DUBAI: Progress towards the United Nations Sustainable Development Goals in the Middle East and North Africa region has been hit hard by the global pandemic, and many of the achievements of the past decade have been reversed, according to a new report from the Food and Agriculture Organization of the United Nations.
At least 132 million people have suffered chronic hunger since the start of the pandemic, FAO says, with up to 14 percent of food lost along the supply chain before it reaches consumers , and entire regions facing acute water stress.
“It’s not nice to see these numbers,” Ahmad Mukhtar, FAO senior economist for the Near East and North Africa, told Arab News, referring to the report’s findings.
âThese are alarming numbers for the MENA region because, for the past few years, the numbers have been almost stable and we have seen a decrease in this absolute number. But COVID-19 has stopped that and now it’s on the rise, so those numbers are serious. “
Areas where progress has stalled or reversed include farming systems and small-scale food production, which have borne the brunt of the pandemic, according to the report.
He adds that food price volatility has increased due to the pandemic and associated lockdowns, while progress remains low in maintaining plant and animal genetic diversity for food and agriculture.
âIn the Arab region, hunger was already on the rise before COVID-19, mainly due to climate change and conflict,â Mukhtar said.
âThe pandemic has increased the number of undernourished people. However, if we look at the past two decades, our region has almost doubled the number of undernourished people, reaching 69 million last year, an increase of 91%.
Mukhtar says conflict is the main obstacle to food security in the MENA region, followed by climate change and calamities such as COVID-19.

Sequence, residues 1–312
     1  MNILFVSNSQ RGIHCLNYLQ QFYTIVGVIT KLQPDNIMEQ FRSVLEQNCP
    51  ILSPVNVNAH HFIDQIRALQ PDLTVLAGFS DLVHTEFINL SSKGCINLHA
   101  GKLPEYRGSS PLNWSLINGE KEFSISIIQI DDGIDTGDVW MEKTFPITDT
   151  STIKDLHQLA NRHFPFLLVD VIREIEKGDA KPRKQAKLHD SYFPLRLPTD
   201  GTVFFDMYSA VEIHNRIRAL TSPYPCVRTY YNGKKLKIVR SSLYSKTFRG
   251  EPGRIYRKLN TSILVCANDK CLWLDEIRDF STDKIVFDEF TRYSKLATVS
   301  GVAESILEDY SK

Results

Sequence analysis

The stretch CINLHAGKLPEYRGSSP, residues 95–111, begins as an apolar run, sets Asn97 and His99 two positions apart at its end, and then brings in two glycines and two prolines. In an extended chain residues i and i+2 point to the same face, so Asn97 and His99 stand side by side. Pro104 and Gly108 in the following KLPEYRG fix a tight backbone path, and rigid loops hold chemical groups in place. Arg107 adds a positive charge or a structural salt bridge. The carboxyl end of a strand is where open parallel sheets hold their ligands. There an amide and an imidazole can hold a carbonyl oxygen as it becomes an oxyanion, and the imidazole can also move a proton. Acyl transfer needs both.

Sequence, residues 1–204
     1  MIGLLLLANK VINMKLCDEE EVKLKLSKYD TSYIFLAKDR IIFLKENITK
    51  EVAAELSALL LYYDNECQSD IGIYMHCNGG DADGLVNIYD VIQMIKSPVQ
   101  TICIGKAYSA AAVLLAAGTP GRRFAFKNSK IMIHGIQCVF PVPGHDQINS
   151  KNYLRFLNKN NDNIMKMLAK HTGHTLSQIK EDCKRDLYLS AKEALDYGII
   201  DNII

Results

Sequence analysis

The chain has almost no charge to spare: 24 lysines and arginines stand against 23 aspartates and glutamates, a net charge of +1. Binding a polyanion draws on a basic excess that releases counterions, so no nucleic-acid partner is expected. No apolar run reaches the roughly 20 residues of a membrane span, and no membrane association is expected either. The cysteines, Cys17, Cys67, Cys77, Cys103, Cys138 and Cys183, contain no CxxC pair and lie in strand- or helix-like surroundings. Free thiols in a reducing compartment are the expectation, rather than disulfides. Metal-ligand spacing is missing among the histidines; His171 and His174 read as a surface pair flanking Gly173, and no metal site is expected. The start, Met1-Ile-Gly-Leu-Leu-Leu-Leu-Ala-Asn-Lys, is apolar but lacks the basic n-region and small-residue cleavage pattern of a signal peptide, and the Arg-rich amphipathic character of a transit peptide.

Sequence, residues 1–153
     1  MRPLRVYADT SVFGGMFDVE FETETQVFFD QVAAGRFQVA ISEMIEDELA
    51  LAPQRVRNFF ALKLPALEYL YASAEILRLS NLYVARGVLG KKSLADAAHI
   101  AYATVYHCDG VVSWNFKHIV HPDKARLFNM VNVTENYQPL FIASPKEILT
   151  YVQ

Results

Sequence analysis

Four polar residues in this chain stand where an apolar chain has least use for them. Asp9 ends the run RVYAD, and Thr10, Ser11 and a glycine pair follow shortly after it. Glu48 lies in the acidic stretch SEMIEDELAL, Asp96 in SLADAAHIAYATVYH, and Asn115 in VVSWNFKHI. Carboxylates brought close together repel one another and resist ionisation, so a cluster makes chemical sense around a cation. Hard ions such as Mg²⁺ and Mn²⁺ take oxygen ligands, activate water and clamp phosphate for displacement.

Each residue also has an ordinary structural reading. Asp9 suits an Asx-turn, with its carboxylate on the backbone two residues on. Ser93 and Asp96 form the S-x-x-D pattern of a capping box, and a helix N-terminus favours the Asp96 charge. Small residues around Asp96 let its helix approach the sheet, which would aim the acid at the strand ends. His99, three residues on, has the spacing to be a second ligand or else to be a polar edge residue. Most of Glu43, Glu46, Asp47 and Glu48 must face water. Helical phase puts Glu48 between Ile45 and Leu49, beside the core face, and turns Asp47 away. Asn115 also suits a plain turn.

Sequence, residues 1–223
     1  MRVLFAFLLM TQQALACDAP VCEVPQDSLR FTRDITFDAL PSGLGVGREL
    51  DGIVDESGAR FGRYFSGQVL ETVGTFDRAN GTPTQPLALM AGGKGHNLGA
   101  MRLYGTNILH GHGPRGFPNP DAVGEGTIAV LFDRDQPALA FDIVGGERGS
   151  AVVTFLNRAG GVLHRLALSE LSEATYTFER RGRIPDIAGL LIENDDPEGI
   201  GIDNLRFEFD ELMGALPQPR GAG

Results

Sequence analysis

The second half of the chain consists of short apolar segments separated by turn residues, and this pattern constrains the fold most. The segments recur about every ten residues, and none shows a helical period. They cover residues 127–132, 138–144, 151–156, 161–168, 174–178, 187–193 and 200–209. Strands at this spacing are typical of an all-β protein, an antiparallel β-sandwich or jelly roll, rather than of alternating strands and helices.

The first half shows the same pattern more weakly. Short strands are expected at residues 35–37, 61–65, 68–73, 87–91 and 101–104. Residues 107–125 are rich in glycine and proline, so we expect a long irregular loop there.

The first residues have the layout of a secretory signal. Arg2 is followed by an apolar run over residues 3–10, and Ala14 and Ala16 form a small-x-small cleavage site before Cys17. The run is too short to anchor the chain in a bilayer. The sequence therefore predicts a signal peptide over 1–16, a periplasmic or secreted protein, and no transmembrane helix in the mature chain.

Coupled with chronic inequalities and poverty, these threats mean that the sustainable development goal of zero hunger by 2030 will be unachievable unless radical action is taken immediately.
“We now have to tackle over 800 million hungry people in seven years, which seems quite unlikely unless drastic measures are taken around the world,” he said.
âFor the region, there are challenges that pre-date the pandemic. COVID-19 has added to them. “
Hayatullah Ahmadzai, postdoctoral researcher at the International Center for Biosaline Agriculture in Dubai, said the pandemic has had a devastating impact on human health and the global economy, as several development indicators show.
âAgriculture and food production are not exempt,â Ahmadzai told Arab News. “On the production side, the pandemic could cause production to drop due to labor shortages and downsizing of farms.”
He said closures, a drop in international trade, a disruption in food manufacturing and an overall economic downturn are likely to have a substantial and lasting impact on food supply chains.
The disruption of food systems has resulted in reduced access to food, widening the gap between the goals of food security and zero hunger. Globally, according to the FAO report, moderate to severe food insecurity has steadily increased from 26.6 percent in 2019 to 30.4 percent in 2020.
Several countries in the Middle East were vulnerable to food insecurity due to harsh environments and limited natural resources for sustainable agricultural production, even before the pandemic.
âFood security has been further compromised by economic shocks and falling incomes linked to the pandemic epidemic and the collapse in oil prices in 2020, especially for the region’s poorest,â Ahmadzai said. .
âIn addition to conflict and economic turmoil, people in vulnerable countries have been disproportionately affected by the pandemic. However, in some Middle Eastern countries with generally stable food markets, such as the United Arab Emirates, the impact may be less severe, especially in those which facilitated the food supply on a war footing during the period. epidemic, in particular in 2020 and 2021. “